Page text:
Jordi Casamitjana, an “ethical vegan,” claims he was dismissed by his employer, animal welfare charity the League Against Cruel Sports, in April 2018 because he informed colleagues that their employer’s pension fund was “being invested in companies that experiment on animals” and non-ethical funds — a claim the charity has rejected.
Ethical vegans not only follow a vegan diet, but also oppose the use of animals for any purpose, such as animal testing.
At an employment tribunal on Friday, judge Robin Postle said he was “satisfied overwhelmingly” that ethical veganism meets the criteria of the Equality Act to qualify as a philosophical belief.
In a short summary judgment, Postle declared that veganism “clearly in my view meets all the criteria; It is a philosophical belief, not just an opinion.”
“It is cogent, serious and important, and worthy of respect in democratic society,” he added.
Casamitjana brought the landmark legal case to court on Thursday, hoping to force a change to Britain’s Equality Act that would see veganism included as a philosophical belief protected from discrimination.
The law, passed in 2010, defines “religion or belief” as one of the nine “protected characteristics,” which include race, sex, pregnancy and maternity and sexuality, making it unlawful for employers to discriminate on those grounds.
For Casamitjana to qualify for protection under the act, his lawyers had to prove that veganism is “a belief and not an opinion,” that it has “a certain level of cogency, seriousness, cohesion and importance,” and that it is “worthy of respect in a democratic society, compatible with human dignity and not conflict with the fundamental rights of others.”
Casamitjana expressed his satisfaction with the judgment.
“I’m extremely happy with the outcome of this hearing and for the words of the judge who clearly understood what ethical veganism is. I didn’t expect to have a judgement today but the overwhelming weight of the evidence we have provided seems to have been sufficient for the judge to conclude that I’m the ethical vegan I say I am, and that ethical veganism is a protected ‘non-religious philosophical belief,'” he said in a statement.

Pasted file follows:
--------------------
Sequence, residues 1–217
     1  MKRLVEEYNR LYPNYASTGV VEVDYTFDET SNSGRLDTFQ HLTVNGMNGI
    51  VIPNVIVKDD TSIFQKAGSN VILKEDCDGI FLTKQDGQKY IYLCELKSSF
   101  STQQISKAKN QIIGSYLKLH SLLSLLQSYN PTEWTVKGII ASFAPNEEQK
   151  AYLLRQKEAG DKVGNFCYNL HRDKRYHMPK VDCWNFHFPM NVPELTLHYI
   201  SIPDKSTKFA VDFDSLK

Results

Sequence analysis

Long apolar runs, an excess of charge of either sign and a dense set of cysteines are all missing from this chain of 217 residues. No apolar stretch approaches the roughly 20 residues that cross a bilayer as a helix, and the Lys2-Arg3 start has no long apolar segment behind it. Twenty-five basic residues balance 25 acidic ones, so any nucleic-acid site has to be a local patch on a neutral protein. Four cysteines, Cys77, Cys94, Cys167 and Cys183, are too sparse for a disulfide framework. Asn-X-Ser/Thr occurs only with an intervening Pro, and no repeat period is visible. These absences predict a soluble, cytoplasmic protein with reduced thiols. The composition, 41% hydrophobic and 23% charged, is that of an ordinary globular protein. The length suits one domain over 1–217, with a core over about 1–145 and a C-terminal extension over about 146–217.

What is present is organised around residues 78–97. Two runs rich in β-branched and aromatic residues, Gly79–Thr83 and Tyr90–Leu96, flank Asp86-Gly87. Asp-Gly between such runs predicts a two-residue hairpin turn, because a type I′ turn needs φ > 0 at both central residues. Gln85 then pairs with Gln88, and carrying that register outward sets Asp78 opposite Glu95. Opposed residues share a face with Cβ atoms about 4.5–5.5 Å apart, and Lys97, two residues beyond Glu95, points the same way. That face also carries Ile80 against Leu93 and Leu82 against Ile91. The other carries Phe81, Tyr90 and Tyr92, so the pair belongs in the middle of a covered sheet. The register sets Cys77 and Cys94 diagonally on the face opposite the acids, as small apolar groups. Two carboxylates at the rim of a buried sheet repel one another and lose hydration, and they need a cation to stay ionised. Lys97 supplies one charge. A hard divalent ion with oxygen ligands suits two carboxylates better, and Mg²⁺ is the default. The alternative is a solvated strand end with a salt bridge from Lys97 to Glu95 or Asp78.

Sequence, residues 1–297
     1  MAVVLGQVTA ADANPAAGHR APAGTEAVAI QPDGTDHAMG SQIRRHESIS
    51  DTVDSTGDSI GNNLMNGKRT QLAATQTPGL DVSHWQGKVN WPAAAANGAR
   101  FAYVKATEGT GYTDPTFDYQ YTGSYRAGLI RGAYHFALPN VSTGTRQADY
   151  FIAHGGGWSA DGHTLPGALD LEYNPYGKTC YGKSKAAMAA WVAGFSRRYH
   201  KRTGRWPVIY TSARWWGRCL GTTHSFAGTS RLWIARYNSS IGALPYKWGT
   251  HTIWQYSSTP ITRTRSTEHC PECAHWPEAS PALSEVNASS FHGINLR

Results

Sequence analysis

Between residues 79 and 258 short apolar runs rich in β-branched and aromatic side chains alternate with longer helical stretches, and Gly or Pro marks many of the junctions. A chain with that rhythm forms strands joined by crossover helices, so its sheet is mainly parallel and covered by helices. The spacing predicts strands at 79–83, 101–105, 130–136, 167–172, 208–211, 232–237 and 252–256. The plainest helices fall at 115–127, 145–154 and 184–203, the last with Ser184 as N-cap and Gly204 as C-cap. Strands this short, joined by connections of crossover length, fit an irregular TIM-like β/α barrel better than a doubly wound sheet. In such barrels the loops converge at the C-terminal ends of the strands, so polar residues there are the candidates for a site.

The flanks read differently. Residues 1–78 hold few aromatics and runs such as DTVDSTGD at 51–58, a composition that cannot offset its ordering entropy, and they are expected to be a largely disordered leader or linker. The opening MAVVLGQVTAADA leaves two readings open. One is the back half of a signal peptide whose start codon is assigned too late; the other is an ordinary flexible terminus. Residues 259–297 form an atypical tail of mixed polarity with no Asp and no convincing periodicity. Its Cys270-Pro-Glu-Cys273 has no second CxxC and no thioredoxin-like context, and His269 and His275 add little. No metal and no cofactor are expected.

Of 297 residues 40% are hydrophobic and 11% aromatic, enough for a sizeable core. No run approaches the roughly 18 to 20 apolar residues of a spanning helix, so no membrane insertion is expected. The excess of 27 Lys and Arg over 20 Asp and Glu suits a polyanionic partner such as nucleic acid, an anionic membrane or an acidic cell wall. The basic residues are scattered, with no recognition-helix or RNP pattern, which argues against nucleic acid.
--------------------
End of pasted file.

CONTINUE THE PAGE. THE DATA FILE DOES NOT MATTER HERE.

“I am not alone. Many people have supported me because they, or their friends, have experienced discrimination for being ethical vegans. Hopefully, from my dismissal, something positive will come by ensuring other ethical vegans are better protected in the future,” he added.
Peter Daly, the employment lawyer representing Casamitjana, said the recognition of ethical veganism as a protected characteristic under the Equality Act 2010 would have “potentially significant effects on employment and the workplace, education, transport and the provision of goods and services.”
“I’m pleased with how the hearing today has gone and we look forward to receiving the full judgement in due course. This was the first of a two part employment tribunal. Now the question of ethical veganism has been determined by the judge, the litigation will move on to determine the lawfulness of Jordi’s treatment by the League Against Cruel Sports,” Daly said in a statement.
Casamitjana argued that identifying as an ethical vegan involves “much more than just not eating food with animal ingredients,” and is a “philosophy and a belief system” encompassing most aspects of his life.
Rhys Wyborn, employment partner at law firm Shakespeare Martineau, who acted for the League Against Cruel Sports, said: “Although an interesting point of law, this hearing was preparation for the real crux of the matter: why Jordi Casamitjana was dismissed. In view of its animal welfare value, the League did not contest the issue of whether ethical veganism itself should be a protected belief, with the League maintaining that it’s irrelevant to the core reason for the dismissal.
“The League is now looking ahead to the substantive hearing in this case and to addressing the reason for Mr. Casamitjana’s dismissal, which it maintains was due to his misconduct and not the belief he holds.”
Source: Thanks https://www.cnn.com/2020/01/03/uk/vegan-discrimination-intl-scli-gbr/index.html